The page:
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CVC Opens Its Doors to the Media

After 30 years of talking, more than a decade of planning and $621 million, the Capitol Visitor Center is now reality — 580,000 square feet of polished sandstone, tall columns and cavernous halls.

Long a myth to many, the CVC shed some of its mystery Monday when officials gave reporters and photographers a long-awaited tour of its exhibits, theaters and cafeteria.

The underground center is vast and elegant, with large skylights that let in sunlight and tall ceilings reminiscent of the Library of Congress. [IMGCAP(1)]

In fact, the CVC is so monumental that officials were forced to argue that it wouldn’t overwhelm the Capitol, a 215-year-old building with cracked walls and worn steps.

“We did not want to do anything to overshadow the Capitol. We certainly, I think, succeeded,” Acting Architect of the Capitol Stephen Ayers said. “This is sort of the front door to the Capitol building.”

The center will open to the public on Dec. 2, about six years since construction began. It was a complex project: Workers had to excavate 65,000 truckloads of soil and build a massive underground structure without moving the Capitol or disturbing the day-to-day legislative process.

Some wondered whether it would ever open, after years of cost overruns and delayed completion dates. And in the six years since construction began, stories also spread about how Congress was spending the $621 million — about $400 million more than the project’s original price tag.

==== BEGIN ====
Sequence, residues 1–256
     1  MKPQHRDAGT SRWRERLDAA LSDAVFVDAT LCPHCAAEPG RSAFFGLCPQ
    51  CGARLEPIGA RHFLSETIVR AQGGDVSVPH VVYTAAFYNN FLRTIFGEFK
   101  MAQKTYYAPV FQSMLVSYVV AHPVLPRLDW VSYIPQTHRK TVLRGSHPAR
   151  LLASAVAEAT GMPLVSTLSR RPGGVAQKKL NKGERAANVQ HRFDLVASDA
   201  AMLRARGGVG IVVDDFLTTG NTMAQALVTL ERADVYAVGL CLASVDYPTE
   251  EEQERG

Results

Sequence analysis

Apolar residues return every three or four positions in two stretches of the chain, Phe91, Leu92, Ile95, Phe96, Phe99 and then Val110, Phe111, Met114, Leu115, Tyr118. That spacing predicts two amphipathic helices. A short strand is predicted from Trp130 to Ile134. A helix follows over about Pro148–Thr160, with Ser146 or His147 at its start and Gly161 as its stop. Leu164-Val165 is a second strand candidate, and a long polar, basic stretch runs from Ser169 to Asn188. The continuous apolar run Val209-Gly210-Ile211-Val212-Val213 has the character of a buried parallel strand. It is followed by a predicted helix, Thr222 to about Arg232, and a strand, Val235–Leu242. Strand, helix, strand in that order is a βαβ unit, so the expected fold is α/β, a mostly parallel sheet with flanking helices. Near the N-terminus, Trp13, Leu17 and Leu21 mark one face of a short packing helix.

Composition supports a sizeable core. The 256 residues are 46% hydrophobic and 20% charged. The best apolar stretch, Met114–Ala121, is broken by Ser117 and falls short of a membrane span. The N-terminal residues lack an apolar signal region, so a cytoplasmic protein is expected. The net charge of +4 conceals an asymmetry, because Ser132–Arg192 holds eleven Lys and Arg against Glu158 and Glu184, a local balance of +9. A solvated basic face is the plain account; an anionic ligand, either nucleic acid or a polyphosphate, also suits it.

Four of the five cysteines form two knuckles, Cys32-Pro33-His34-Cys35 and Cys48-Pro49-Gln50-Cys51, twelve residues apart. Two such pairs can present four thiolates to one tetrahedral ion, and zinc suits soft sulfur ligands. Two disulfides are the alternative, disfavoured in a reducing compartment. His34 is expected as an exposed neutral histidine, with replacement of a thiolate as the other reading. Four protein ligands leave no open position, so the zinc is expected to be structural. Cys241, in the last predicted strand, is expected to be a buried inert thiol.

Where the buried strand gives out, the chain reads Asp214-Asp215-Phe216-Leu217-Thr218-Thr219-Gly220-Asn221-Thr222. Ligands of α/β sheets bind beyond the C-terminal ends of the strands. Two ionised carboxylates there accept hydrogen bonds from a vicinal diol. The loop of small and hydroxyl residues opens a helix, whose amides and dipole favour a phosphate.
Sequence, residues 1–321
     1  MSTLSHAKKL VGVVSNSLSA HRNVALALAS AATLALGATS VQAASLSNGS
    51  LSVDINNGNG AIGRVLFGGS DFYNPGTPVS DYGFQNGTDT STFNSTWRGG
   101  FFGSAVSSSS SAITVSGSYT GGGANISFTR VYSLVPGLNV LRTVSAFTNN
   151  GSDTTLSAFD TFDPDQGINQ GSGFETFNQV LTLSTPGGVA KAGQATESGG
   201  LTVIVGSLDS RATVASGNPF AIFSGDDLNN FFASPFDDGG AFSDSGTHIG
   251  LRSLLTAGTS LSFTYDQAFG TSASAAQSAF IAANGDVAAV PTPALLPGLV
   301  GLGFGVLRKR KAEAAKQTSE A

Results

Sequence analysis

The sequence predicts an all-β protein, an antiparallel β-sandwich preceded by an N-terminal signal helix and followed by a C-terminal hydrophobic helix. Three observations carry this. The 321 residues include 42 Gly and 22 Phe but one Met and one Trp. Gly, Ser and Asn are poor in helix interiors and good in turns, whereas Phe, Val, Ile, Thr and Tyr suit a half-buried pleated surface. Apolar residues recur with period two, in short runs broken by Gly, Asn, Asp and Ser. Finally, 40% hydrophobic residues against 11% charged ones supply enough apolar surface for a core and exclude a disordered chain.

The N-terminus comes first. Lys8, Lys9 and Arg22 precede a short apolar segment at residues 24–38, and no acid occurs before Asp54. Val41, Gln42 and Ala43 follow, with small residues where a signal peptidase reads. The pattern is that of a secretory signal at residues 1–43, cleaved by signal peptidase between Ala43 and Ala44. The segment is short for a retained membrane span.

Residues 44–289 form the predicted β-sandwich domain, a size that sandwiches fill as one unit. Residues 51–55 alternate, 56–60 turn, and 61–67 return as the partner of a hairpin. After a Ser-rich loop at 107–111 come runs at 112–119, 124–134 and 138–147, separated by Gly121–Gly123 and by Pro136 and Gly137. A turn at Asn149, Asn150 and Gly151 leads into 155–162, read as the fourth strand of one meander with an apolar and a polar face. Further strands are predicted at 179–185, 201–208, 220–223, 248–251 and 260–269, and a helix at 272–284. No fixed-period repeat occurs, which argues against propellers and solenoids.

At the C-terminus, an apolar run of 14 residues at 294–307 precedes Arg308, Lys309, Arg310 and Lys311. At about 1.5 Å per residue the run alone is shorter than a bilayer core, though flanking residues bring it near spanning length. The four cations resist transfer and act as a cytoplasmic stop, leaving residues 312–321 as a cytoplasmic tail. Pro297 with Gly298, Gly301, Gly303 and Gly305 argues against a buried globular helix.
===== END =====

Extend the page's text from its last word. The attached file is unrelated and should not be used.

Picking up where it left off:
On Monday, CVC officials attempted to set the record straight— including dispelling a rumor that officials were building an apocalyptic bunker for Members.

“There is no bunker. I think that’s urban legend,” Ayers said, in response to one reporter’s question. “I challenge you to ask yourself if you feel like you’re in a bunker.”

Indeed, the CVC is bathed in light, despite the fact that it is underground. Two main skylights, each 30 feet by 70 feet, allow sunlight into Emancipation Hall, the 20,000-square-foot “heart” of the center.

The rest of the visitor portion of the CVC is much like a museum: a cafeteria, two gift shops and an Exhibition Hall flank the main hall.

Exhibits range from historic to hands-on, with one alcove displaying Madison’s notes on the Constitution and another showing a touchable, 11-foot model of the Capitol Dome.

Restrooms are also available around every corner. A press release proudly proclaims that visitors have access to 26 bathrooms, a vast improvement to the five public restrooms in the Capitol.

It’s all a big step forward from what tourists to the Capitol now face: a long wait in an outside line, with no food or bathrooms in sight.

But much of the CVC still remained unseen Monday. About 60 percent of the underground center is new office space for the House and Senate, but doors to those sections remained closed and guarded.

Some offices have already moved into the CVC, and the Senate side is accessible through the Capitol subway tunnel. On Monday, the stairways on the Senate side were still undergoing construction.

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